The transpersonal caring relationship between a nurse and the clientis based on the emotional connection that will focus on the processof regaining and maintaining the health of the client at the momentrather than focusing on the illness and pathology or prognosis of thedisease (Dossey, 2012). The patient, Claude-Jean-Baptiste, is facedwith several concerns especially due to the language and culturallybarriers that arise during the period of his rehabilitation. Culturalvalues and beliefs should be integrated into the services provided toensure that the client is not offended. The rehabilitation is focusedon the hip region, and thus the nurses have to perform their dutieswithout crossing the lines of their ethical values. Thetranspersonal nurse will try to connect with the patient and providea more holistic nursing service that would aid Claude in hisrehabilitation. The translation services would come in handy inestablishing a relationship between the two since the knowledge ofthe service provider would ensure that the patient’s concerns aretaken into consideration.
In any caring moment, the interaction of the patient and the nurse isthe demonstration of love (Sitzman & Watson, 2013). Love is thecare that the nurse inputs in nursing the patient back to health. Inthe case of Claude, the nurse may not be capable of directly speakingwith him, but the translation services can give them a chance to talkand interact. The nurse can provide the services while the client canshare the warmth of his culture with the nursing staff. Theinteractions that occur even in sign language will bring anunderstanding between the staff and the client ensuring thedevelopment of a transpersonal caring relationship. The nurse wholacks an understanding of the Creole language and culture cancreatively use herself or himself to create the environment thatwould aid in his healing. To do so, the nurse would have to patientand understanding of the patient especially when the family member isnot there to help out. It will be more tiresome and time-consuming tocommunicate but sign language and trying to learn the language can beone way to interact with the patient. Putting on music from hisculture would provide solace from their illness and focus more on themoment.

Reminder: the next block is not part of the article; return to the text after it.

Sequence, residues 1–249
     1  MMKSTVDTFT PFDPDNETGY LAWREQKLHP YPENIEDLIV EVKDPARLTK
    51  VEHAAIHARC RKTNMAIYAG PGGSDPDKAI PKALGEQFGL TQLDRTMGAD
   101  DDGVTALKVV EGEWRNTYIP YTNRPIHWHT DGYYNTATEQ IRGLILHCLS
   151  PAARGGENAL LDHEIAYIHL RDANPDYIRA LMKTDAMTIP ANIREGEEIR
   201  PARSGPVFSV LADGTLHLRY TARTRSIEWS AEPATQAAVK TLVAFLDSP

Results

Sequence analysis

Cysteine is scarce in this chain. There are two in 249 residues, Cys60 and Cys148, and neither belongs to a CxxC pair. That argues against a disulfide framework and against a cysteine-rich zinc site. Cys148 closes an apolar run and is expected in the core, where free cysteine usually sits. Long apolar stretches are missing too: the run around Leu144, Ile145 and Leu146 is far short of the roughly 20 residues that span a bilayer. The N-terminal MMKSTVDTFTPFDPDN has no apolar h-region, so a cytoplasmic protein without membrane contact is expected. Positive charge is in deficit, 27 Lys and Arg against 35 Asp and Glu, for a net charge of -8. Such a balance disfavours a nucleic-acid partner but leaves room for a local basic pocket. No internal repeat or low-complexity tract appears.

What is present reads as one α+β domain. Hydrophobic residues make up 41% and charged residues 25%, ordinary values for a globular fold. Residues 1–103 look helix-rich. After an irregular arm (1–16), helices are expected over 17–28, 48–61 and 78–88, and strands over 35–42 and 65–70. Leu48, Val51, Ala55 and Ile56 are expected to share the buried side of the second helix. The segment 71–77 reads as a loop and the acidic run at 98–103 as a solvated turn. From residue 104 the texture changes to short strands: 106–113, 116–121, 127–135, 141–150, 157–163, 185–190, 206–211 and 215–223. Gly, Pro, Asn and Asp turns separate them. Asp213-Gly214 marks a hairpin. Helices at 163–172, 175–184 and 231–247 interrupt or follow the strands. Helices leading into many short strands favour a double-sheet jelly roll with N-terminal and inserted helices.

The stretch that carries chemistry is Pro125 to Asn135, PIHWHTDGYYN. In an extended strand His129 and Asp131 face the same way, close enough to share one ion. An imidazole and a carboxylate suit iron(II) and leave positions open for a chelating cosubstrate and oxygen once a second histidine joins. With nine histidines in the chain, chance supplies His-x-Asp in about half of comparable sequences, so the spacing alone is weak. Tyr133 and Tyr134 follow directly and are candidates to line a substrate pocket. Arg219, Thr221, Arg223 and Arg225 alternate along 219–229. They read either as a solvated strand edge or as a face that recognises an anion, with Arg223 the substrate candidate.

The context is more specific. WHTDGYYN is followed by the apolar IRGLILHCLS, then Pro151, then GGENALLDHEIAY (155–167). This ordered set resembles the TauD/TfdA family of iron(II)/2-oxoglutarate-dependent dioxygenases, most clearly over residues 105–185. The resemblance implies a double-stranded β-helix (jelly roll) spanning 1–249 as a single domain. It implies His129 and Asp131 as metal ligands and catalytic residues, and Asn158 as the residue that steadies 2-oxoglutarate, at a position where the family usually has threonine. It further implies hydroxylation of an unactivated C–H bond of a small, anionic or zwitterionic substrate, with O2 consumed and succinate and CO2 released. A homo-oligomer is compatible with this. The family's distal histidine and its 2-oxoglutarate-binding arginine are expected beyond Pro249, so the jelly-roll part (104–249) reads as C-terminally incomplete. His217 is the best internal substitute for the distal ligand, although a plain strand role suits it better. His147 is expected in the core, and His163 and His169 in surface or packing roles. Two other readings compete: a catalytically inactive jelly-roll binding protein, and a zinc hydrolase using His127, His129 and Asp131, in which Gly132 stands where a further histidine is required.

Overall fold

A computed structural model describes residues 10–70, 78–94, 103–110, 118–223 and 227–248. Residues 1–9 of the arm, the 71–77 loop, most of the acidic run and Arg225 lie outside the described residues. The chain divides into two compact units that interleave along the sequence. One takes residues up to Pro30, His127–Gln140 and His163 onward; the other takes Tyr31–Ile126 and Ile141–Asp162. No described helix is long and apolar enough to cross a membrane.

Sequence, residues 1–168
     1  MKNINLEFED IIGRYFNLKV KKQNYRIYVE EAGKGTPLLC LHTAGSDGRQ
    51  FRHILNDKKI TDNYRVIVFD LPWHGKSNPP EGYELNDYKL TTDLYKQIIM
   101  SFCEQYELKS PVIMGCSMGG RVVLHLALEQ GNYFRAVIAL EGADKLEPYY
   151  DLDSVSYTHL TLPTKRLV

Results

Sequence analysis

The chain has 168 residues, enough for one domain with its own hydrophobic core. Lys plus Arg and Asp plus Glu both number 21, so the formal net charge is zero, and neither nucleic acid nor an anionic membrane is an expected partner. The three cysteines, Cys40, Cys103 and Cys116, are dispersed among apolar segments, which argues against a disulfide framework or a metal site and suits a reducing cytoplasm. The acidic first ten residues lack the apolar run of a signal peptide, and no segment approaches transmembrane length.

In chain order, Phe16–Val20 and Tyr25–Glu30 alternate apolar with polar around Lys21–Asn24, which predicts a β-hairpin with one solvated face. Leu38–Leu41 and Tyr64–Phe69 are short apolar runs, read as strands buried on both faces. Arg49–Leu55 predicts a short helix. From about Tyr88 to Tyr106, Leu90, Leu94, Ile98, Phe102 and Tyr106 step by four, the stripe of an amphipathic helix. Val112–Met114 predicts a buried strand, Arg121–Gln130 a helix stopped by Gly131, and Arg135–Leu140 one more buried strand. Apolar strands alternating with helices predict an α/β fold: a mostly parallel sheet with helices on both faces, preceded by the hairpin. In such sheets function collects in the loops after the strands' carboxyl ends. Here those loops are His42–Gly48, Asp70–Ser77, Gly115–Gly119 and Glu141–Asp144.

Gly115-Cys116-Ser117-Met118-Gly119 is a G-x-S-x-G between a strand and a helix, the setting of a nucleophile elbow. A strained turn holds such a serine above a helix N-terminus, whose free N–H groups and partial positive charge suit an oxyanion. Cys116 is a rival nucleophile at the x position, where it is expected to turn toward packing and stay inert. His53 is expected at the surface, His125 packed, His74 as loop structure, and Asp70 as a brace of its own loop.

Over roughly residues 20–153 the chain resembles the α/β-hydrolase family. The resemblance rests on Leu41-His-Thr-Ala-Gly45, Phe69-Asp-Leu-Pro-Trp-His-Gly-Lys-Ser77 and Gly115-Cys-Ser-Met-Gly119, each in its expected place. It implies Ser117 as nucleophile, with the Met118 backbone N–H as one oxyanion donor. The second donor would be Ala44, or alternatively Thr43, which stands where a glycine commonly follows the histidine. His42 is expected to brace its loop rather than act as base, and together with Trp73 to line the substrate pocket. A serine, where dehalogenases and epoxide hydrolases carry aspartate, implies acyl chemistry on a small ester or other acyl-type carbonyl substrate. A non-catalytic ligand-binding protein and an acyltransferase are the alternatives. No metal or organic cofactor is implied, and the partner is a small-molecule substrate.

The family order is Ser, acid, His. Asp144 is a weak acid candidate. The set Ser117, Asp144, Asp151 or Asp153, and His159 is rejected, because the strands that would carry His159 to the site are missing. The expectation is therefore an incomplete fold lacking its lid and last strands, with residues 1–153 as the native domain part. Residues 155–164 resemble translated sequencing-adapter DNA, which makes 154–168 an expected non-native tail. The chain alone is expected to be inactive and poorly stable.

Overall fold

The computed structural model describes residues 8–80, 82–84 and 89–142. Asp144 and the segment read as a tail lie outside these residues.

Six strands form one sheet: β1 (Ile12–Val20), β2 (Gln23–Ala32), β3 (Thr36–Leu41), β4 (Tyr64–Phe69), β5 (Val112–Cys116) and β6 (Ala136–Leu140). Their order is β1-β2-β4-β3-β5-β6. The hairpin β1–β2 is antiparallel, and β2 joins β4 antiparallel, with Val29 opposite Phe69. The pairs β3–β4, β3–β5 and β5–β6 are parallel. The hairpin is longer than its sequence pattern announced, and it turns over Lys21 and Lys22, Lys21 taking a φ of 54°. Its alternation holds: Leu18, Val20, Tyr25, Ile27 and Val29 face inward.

The theory involves a nursing process which is carried out followingthe steps of a scientific research process. The theory has itsstrengths and weaknesses. It is relatively easy to understand and beused to improve and guide the healthcare practitioners with theaspects of practice and holistic care of the patient. The goal ofnursing theories is to enhance the practice of nursing in healthcaresetups (George, 2011). The theory’ carative factors are logicallyderived from assumptions that provide a supportive framework to thetheory. The theory forms a basis for nursing encompassing aspects ofhealth promotion, illness prevention, and maintenance of health. Thetheory is, however, lacking in giving direction to the nursingpractitioners in achieving the transpersonal relationships.
Dossey, B. M., Certificate, C. D. I. N. C., Keegan, L., &Co-Director International Nurse Coach Association. (2012). Holisticnursing. Jones & Bartlett Publishers.
George, J. B. (2011). Nursing theories: The base for professionalnursing practice. Upper Saddle River, N.J: Pearson Education
Henriques, M. A., Costa, M. A., & Cabrita, J. (2012). Adherenceand medication management by the elderly. Journal of clinicalnursing, 21(21-22), 3096-3105.
Ray, M. A. (2016). Transcultural caring dynamics in nursing andhealth care. FA Davis.
Ray, M. A. (2013). Madeleine M. Leininger, 1925–2012. Qualitativehealth research, 23(1), 142-144.
Sitzman, K., & Watson, J. (2013). Caring science, mindfulpractice: Implementing Watson`s human caring theory. SpringerPublishing Company.